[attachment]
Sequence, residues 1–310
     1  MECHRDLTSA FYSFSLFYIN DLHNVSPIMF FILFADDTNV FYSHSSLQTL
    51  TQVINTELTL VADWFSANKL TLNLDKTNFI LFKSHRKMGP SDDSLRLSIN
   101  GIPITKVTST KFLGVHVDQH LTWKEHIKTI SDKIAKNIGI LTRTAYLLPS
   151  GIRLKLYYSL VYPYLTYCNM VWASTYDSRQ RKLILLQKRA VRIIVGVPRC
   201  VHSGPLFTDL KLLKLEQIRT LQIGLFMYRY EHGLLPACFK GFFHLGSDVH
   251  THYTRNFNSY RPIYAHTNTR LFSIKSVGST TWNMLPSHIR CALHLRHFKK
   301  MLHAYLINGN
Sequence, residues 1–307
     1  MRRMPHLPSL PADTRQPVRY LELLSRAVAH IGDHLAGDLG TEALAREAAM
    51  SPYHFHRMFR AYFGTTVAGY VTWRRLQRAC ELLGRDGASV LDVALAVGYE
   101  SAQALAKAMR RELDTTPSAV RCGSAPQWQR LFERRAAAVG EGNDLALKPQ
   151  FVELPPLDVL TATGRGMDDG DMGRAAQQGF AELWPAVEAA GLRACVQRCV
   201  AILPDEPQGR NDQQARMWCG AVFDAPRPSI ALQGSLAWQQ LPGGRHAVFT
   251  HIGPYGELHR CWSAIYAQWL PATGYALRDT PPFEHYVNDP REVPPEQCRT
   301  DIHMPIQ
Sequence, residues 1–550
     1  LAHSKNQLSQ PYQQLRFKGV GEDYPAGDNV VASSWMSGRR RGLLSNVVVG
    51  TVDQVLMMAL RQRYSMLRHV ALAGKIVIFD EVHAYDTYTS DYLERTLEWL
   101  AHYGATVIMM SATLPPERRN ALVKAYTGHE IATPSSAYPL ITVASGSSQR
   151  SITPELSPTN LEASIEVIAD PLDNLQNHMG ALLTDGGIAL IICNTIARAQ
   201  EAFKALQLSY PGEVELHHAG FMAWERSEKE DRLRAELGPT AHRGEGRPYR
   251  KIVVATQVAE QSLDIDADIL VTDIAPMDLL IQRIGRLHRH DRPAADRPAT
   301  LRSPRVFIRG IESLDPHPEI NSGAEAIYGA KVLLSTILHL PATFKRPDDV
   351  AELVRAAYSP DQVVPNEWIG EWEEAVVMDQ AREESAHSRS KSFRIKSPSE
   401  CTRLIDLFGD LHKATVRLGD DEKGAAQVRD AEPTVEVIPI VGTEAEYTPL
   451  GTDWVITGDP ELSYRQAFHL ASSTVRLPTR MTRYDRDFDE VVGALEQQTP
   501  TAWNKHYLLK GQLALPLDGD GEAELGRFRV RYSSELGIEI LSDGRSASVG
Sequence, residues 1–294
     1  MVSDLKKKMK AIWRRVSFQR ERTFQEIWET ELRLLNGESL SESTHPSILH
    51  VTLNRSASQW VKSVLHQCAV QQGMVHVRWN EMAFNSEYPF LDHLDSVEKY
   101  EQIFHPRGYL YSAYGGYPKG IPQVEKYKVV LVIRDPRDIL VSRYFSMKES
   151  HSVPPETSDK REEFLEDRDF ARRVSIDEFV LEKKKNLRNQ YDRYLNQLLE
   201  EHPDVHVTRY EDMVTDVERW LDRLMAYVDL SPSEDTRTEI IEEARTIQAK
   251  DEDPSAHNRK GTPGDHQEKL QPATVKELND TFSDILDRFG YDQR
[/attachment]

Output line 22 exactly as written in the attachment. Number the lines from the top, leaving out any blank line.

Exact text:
   201  EAFKALQLSY PGEVELHHAG FMAWERSEKE DRLRAELGPT AHRGEGRPYR